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Designing the blood supply chain: How much, how and where?

Designing the blood supply chain: How much, how and where?
Designing the blood supply chain: How much, how and where?
BACKGROUND: The blood supply chain network can take many forms in different settings, depending on local factors such as geography, politics, costs, etc.; however, many developed countries are moving towards centralized facilities. The goal for all blood distribution networks, regardless of design, remains the same: to satisfy demand at minimal cost and minimal wastage.

STUDY DESIGN AND METHODS: Mathematically, the blood supply system design can be viewed as a location-allocation problem, where the aim is to find the optimal location of facilities and to assign hospitals to them to minimize total system cost. However, most location-allocation models in the blood supply chain modeling literature omit important aspects of the problem, such as selecting amongst differing methods of collection and production. In this paper, we present a location-allocation model that takes these factors into account to support strategic decision-making at different levels of centralization.

RESULTS: Our approach is illustrated by a case study (Colombia) to redesign the national blood supply chain under a range of realistic travel time limitations. For each scenario, an optimal supply chain configuration is obtained, together with optimal collection and production strategies. We show that the total costs for the most centralized scenario are around 40% of the costs for the least centralized scenario.

CONCLUSION: Centralized systems are more efficient than decentralized systems. However, the latter may be preferred for political or geographical reasons. Our model allows decision-makers to redesign the supply network per local circumstances, and determine optimal collection and production strategies that minimize total costs.
0042-9007
760-769
Osorio Muriel, Andres
26b91481-7f68-4fea-90f8-4b3e027d7959
Brailsford, Sally
634585ff-c828-46ca-b33d-7ac017dda04f
Smith, Honora
1eaef6a6-4b9c-4997-9163-137b956c06b5
Blake, John
172c6457-63e2-4647-a13c-08144d6c0f98
Osorio Muriel, Andres
26b91481-7f68-4fea-90f8-4b3e027d7959
Brailsford, Sally
634585ff-c828-46ca-b33d-7ac017dda04f
Smith, Honora
1eaef6a6-4b9c-4997-9163-137b956c06b5
Blake, John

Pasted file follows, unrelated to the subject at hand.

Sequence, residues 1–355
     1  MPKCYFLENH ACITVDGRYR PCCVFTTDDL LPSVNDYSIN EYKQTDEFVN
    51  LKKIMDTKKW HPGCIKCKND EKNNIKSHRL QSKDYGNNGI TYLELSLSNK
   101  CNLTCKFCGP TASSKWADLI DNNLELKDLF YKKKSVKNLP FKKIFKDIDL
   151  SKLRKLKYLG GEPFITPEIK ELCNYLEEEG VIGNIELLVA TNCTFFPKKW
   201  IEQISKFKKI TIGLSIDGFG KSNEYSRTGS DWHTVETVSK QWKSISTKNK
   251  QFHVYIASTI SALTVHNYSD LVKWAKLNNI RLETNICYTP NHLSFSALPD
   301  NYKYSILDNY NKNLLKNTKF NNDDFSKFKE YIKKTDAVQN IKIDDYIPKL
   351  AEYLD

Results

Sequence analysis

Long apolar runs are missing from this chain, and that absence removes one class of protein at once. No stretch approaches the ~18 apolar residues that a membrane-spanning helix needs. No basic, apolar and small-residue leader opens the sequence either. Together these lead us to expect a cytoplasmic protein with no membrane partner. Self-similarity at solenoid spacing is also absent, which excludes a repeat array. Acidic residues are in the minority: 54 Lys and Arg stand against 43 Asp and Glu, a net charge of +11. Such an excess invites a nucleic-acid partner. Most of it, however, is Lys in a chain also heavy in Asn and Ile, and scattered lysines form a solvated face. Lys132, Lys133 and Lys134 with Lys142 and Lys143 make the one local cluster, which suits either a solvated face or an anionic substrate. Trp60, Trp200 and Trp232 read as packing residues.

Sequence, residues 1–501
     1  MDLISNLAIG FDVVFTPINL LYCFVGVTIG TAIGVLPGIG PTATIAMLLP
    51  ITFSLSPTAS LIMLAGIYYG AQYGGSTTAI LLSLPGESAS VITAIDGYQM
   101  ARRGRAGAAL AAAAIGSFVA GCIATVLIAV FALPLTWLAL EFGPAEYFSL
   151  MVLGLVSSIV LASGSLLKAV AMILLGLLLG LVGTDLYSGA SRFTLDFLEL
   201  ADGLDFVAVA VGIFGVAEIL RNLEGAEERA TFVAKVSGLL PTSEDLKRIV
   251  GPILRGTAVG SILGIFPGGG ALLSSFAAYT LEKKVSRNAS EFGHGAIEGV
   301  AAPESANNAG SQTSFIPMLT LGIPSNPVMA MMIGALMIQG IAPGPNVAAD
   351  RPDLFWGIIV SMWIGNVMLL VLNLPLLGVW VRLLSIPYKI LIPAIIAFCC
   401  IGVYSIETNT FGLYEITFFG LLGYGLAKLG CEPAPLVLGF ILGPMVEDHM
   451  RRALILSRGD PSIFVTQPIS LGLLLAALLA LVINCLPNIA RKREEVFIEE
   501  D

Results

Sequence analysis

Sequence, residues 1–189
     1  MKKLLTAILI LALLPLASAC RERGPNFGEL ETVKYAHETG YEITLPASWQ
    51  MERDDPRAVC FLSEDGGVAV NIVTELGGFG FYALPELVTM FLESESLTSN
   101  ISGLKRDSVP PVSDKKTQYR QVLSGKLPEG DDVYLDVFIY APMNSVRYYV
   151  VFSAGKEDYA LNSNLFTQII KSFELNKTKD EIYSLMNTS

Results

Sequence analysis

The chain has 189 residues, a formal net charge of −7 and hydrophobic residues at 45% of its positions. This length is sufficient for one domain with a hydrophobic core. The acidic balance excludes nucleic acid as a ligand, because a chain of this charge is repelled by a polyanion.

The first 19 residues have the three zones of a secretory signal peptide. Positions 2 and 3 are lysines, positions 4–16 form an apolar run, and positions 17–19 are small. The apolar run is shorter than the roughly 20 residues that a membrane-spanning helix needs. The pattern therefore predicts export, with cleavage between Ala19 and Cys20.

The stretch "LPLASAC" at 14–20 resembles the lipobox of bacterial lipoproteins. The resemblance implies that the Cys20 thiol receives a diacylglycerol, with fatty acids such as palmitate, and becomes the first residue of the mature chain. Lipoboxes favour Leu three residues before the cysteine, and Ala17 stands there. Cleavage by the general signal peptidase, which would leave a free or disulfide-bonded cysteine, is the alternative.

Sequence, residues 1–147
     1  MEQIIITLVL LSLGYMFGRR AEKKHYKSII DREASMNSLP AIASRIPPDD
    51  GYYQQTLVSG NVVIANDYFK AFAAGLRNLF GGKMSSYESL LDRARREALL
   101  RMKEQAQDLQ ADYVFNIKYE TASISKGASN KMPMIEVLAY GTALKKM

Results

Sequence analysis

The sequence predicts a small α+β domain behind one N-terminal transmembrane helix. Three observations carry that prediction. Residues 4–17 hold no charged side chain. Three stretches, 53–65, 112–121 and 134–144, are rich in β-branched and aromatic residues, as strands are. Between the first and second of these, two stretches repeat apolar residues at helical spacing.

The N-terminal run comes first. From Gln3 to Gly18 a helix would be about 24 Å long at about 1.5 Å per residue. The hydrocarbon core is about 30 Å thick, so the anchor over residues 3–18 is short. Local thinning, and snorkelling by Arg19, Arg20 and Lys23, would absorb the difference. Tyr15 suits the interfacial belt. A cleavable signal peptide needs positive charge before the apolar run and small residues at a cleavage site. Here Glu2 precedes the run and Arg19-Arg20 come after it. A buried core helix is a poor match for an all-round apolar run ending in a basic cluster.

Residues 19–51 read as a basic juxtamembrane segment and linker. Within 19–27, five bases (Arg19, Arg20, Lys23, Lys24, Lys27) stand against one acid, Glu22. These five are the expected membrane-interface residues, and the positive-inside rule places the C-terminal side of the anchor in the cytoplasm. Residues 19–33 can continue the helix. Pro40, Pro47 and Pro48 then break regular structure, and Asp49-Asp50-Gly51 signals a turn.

172c6457-63e2-4647-a13c-08144d6c0f98

Osorio Muriel, Andres, Brailsford, Sally, Smith, Honora and Blake, John (2018) Designing the blood supply chain: How much, how and where? Vox Sanguinis, 113 (8), 760-769. (doi:10.1111/vox.12706).

Record type: Article

Abstract

BACKGROUND: The blood supply chain network can take many forms in different settings, depending on local factors such as geography, politics, costs, etc.; however, many developed countries are moving towards centralized facilities. The goal for all blood distribution networks, regardless of design, remains the same: to satisfy demand at minimal cost and minimal wastage.

STUDY DESIGN AND METHODS: Mathematically, the blood supply system design can be viewed as a location-allocation problem, where the aim is to find the optimal location of facilities and to assign hospitals to them to minimize total system cost. However, most location-allocation models in the blood supply chain modeling literature omit important aspects of the problem, such as selecting amongst differing methods of collection and production. In this paper, we present a location-allocation model that takes these factors into account to support strategic decision-making at different levels of centralization.

RESULTS: Our approach is illustrated by a case study (Colombia) to redesign the national blood supply chain under a range of realistic travel time limitations. For each scenario, an optimal supply chain configuration is obtained, together with optimal collection and production strategies. We show that the total costs for the most centralized scenario are around 40% of the costs for the least centralized scenario.

CONCLUSION: Centralized systems are more efficient than decentralized systems. However, the latter may be preferred for political or geographical reasons. Our model allows decision-makers to redesign the supply network per local circumstances, and determine optimal collection and production strategies that minimize total costs.

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Osorio et al revised - Accepted Manuscript
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Accepted/In Press date: 6 August 2018
e-pub ahead of print date: 4 September 2018
Published date: November 2018

Identifiers

Local EPrints ID: 422861
URI: http://eprints.soton.ac.uk/id/eprint/422861
ISSN: 0042-9007
PURE UUID: 54603ced-18d3-4acc-95da-77c73d9e840d
ORCID for Sally Brailsford: ORCID iD orcid.org/0000-0002-6665-8230
ORCID for Honora Smith: ORCID iD orcid.org/0000-0002-4974-3011

Catalogue record

Date deposited: 07 Aug 2018 16:30
Last modified: 26 Nov 2021 05:30

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Contributors

Author: Andres Osorio Muriel
Author: Honora Smith ORCID iD
Author: John Blake

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